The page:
A young internist, describing a difficult situation, told me that her 52-year-old patient was distressed by severe vasomotor symptoms and sleep disturbances that were compromising the woman’s daytime effectiveness. The patient’s last menstrual period had occurred about 6 months before, and she had experienced no vaginal bleeding since that time. Except for the troubling vasomotor symptoms, the patient was healthy.
The internist said she would not be prescribing estrogen because the Women’s Health Initiative (WHI) had clearly and definitively determined that the risks exceeded the benefits. I was shocked by the strength of her conviction, but tried to conceal my surprise and concern. Instead, I encouraged her to talk in more depth about the patient’s situation. We reviewed her medical history, current medications, physical examination, and laboratory findings, and concluded that the patient was healthy except for her symptoms.
I explained that, given the vasomotor symptoms, low baseline risk for heart disease and breast cancer, and the effectiveness of estrogen treatment for menopausal symptoms, the patient was an excellent candidate for hormone therapy. The internist seemed surprised, and we arranged a time to talk at greater length about the WHI.
WHI’s fundamental findings
The WHI, a large randomized trial of hormone therapy, reported that, when compared with placebo, one form of estrogen plus progestin therapy (conjugated equine estrogen 0.625 mg daily plus medroxyprogesterone acetate 2.5 mg daily) was associated with 7 additional coronary heart events, 8 invasive breast cancers, 8 strokes, and 8 pulmonary emboli per 10,000 woman-years of treatment.
As for its benefits, hormone replacement therapy was associated with 6 fewer cases of colon cancer and 5 fewer hip fractures. Since the WHI was a prevention trial, very few women entered into the study had an indication for hormone therapy, such as vasomotor symptoms, and most had experienced the transition to menopause a decade before entering the study.
For moderate to severe symptoms, the benefits are clear
Most experts continue to believe that hormone therapy is indicated for treatment of moderate to severe vasomotor symptoms that impair a perimenopausal or menopausal woman’s quality of life. The benefits of hormone treatment in these women have been demonstrated in many randomized studies. In almost all trials that examined quality of life as an endpoint, treatment of moderate to severe vasomotor symptoms with estrogen or estrogen-progestin was associated with an improvement in the quality of life.1 WHI data support this treatment paradigm.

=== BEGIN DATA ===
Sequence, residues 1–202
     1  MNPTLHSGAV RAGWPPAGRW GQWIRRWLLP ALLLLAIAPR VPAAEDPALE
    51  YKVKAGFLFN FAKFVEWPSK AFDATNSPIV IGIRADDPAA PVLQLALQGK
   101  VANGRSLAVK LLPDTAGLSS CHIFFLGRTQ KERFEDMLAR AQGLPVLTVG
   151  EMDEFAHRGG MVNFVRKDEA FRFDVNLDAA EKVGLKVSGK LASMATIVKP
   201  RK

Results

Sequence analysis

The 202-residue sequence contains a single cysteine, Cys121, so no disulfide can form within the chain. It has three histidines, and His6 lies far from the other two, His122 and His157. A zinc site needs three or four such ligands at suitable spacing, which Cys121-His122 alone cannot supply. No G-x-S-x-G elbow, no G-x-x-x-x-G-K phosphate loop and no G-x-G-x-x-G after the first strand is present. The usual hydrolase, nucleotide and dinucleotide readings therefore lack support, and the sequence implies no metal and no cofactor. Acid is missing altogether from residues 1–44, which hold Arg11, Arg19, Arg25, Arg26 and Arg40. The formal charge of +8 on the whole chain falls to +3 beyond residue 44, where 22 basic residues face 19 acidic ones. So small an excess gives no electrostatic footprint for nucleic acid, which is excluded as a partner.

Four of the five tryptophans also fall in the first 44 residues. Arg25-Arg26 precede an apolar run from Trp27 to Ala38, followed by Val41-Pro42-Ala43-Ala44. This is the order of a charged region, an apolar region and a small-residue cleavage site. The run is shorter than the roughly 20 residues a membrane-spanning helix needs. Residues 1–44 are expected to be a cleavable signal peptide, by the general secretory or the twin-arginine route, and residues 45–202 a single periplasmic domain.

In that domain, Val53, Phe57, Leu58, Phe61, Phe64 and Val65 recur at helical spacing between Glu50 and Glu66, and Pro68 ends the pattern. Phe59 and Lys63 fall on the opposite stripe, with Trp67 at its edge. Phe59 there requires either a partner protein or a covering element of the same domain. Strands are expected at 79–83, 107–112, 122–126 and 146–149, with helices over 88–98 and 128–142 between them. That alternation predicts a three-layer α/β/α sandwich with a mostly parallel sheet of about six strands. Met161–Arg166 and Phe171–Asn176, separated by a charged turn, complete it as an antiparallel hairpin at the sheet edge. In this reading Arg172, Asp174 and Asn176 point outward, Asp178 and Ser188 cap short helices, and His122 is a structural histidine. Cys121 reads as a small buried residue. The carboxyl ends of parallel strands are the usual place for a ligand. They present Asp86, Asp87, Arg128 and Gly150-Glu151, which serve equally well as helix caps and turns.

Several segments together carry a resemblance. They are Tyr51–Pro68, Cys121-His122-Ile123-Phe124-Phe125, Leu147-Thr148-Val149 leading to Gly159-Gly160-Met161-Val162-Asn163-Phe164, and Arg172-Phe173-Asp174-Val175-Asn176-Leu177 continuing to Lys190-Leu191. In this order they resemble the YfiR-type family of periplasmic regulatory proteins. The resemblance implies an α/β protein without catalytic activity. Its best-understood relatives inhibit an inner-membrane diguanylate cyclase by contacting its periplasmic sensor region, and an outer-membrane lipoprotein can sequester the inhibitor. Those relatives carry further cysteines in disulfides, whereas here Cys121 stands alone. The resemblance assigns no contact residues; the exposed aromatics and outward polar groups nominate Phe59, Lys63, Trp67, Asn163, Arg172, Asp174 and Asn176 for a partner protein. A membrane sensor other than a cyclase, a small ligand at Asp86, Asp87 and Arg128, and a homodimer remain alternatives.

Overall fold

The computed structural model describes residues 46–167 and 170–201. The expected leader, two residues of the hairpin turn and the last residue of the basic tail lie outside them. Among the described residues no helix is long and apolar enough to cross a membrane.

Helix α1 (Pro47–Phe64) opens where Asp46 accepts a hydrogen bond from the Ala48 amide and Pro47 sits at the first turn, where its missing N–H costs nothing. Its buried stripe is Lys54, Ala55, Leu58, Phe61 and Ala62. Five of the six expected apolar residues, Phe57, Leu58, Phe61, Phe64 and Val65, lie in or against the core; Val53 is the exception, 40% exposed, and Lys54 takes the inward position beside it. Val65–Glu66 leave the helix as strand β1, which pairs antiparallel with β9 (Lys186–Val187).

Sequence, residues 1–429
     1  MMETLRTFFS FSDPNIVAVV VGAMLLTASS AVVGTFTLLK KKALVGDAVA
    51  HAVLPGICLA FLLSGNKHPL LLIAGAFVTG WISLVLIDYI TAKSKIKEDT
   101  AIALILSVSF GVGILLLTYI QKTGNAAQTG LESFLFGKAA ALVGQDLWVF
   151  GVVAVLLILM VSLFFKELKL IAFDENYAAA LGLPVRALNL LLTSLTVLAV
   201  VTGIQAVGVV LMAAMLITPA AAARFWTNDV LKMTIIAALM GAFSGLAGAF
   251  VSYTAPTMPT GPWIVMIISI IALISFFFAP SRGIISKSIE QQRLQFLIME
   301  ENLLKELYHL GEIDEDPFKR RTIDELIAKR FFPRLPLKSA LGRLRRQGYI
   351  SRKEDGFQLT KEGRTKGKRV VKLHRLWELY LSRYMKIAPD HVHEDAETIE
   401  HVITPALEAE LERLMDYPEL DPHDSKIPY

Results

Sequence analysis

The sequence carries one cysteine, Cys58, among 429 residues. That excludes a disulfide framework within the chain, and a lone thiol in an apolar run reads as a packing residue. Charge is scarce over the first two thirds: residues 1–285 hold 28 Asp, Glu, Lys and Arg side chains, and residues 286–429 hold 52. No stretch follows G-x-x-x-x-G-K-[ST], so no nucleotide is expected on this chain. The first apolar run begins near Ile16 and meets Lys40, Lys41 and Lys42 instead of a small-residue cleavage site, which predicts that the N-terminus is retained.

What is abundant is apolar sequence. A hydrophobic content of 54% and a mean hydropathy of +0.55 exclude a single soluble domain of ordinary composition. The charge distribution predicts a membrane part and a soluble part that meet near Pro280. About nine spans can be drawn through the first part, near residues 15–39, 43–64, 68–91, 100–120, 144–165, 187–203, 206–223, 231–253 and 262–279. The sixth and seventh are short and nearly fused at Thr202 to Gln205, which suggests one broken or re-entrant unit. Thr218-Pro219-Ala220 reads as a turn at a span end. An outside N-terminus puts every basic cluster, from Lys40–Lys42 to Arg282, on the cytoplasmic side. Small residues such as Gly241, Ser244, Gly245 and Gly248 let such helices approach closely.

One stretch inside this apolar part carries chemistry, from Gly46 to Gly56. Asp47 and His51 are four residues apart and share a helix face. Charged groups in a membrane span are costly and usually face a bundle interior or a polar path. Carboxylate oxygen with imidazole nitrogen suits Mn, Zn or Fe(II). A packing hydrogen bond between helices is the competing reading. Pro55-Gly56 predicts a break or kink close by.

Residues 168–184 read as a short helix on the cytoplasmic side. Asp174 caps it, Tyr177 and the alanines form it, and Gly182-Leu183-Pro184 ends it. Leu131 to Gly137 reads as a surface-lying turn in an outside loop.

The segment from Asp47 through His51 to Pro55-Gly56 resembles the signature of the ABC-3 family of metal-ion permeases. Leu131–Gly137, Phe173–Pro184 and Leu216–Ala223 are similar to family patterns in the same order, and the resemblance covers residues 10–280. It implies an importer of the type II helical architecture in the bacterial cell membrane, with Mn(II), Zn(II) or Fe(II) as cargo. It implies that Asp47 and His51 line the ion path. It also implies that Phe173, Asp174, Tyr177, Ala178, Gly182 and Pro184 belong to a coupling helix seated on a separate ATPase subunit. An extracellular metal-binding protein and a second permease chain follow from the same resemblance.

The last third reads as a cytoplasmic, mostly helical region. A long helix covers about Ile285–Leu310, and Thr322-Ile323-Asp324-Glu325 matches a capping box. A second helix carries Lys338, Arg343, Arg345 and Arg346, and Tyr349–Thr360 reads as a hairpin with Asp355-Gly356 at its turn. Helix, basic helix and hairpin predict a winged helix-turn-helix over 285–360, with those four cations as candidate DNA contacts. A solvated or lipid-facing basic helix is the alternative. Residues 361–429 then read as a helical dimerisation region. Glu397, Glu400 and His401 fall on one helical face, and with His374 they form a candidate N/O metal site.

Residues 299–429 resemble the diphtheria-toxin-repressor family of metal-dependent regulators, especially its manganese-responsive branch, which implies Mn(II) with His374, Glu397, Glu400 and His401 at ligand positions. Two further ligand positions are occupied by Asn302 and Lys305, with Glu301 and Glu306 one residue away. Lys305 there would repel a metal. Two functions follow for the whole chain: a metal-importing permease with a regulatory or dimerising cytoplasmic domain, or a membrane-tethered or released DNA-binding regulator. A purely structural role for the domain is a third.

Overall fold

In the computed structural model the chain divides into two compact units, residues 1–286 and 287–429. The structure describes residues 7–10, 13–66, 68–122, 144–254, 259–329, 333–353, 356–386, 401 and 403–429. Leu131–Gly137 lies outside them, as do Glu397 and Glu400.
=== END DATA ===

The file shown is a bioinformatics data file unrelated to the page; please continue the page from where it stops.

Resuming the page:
In women at low risk for heart disease and breast cancer, hormone therapy is associated with a minimal increase in the absolute risk for these 2 diseases. In a subanalysis of the WHI, women who were more than 20 years past onset of menopause were at the greatest risk of a heart attack after starting hormone therapy. In contrast, women less than 10 years past the onset of menopause appeared to have no markedly increased absolute risk of heart attack after hormone therapy was initiated.
This is logical, since women within 10 years of menopause are young and therefore have a low baseline risk for heart attack, while women 20 or more years beyond menopause face an increased risk because of their age alone.2
HT is the best available treatment for ‘young’ women
For the healthy “young” woman—ie, recently perimenopausal or menopausal—with significant vasomotor symptoms, the benefits of hormone therapy are likely to outweigh the risks. With up to 3 to 4 years of use, the increase in breast cancer risk should be minimal.
The bottom line is that estrogen and estrogen-progestin–containing products are the best pharmacologic treatments available for moderate to severe vasomotor symptoms and sleep disturbances associated with hypoestrogenism.
As noted by the US Food and Drug Administration, these agents should be used at the lowest effective dose and for the shortest duration for the individual woman to reach her treatment goal.
After our discussion, the internist agreed to counsel her patient differently, given the woman’s age and low baseline risk of heart disease and breast cancer.
After a conversation about the benefits and risks of hormone replacement therapy, the patient did start taking an estrogen-progestin formulation, and experienced a marked reduction in her vasomotor symptoms and sleep disturbances.
Women menopausal for less than 10 years appeared to have no markedly increased absolute risk of heart attack.